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O Canada! Where to Go and What to See

Grace Lower | Mar 23, 2017

This blog post was updated February 3, 2020.


Although Canada is just a stone’s throw away from my grandmother’s house, I haven’t had much of a chance to visit our northern neighbor.  Sure, I’ve seen Niagara Falls, and I know a thing or two about Canada’s collective obsession with Tim Hortons—but I wanted to learn more about the country from a traveler’s perspective. The problem is, I can’t afford a plane ticket just yet.

So what’s a prospective tourist to do? Hearing about my dilemma, my Canadian friend, Sarah, was more than willing to offer her insight and travel tips. From British Columbia to Ontario, here are a few Canadian-approved destinations for travelers from any background.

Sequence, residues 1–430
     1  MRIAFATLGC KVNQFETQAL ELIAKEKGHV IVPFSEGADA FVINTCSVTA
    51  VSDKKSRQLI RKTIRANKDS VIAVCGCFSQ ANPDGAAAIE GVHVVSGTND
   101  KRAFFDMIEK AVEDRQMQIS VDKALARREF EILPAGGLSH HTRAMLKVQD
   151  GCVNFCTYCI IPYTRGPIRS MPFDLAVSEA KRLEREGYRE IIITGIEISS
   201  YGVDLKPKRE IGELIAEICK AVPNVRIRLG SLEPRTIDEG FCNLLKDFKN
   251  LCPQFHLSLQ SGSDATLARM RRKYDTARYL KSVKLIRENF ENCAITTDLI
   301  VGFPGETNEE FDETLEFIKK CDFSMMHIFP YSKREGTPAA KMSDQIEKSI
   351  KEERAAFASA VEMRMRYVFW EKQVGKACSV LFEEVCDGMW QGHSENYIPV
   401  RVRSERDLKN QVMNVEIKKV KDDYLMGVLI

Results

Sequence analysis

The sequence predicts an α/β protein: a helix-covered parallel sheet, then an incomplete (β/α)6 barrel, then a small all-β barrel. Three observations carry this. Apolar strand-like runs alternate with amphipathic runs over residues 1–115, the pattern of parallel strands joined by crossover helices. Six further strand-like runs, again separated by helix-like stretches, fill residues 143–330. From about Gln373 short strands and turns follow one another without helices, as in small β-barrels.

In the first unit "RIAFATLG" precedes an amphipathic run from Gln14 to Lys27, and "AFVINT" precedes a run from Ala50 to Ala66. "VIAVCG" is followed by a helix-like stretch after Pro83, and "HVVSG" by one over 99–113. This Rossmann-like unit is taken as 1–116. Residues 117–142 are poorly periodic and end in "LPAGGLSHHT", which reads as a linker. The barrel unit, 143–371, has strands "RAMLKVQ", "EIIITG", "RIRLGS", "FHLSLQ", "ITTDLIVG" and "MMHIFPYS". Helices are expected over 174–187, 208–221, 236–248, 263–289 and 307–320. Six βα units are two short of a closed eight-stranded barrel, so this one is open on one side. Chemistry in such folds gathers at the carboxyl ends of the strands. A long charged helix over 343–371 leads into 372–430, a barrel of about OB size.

Where to go: Alberta

What to see: Having grown up in Calgary, Sarah admits that she’s partial to the city. But sentimental value aside, there’s plenty to do in Calgary, no matter where you look. For families, interactive attractions like the Spark Science Center, the Glenbow Museum, and the Calgary Zoo can bring hours of entertainment. And if you’re traveling in the summer, you won’t want to miss the annual Calgary Stampede. Part rodeo, part state fair, the Calgary Stampede brings millions of tourists each year for lively competitions and bizarre foods. Although Calgary is fondly referred to as “Cowtown,” the city is a blend of hipster and historical, modern and vintage, and artsy and upscale, despite its western roots.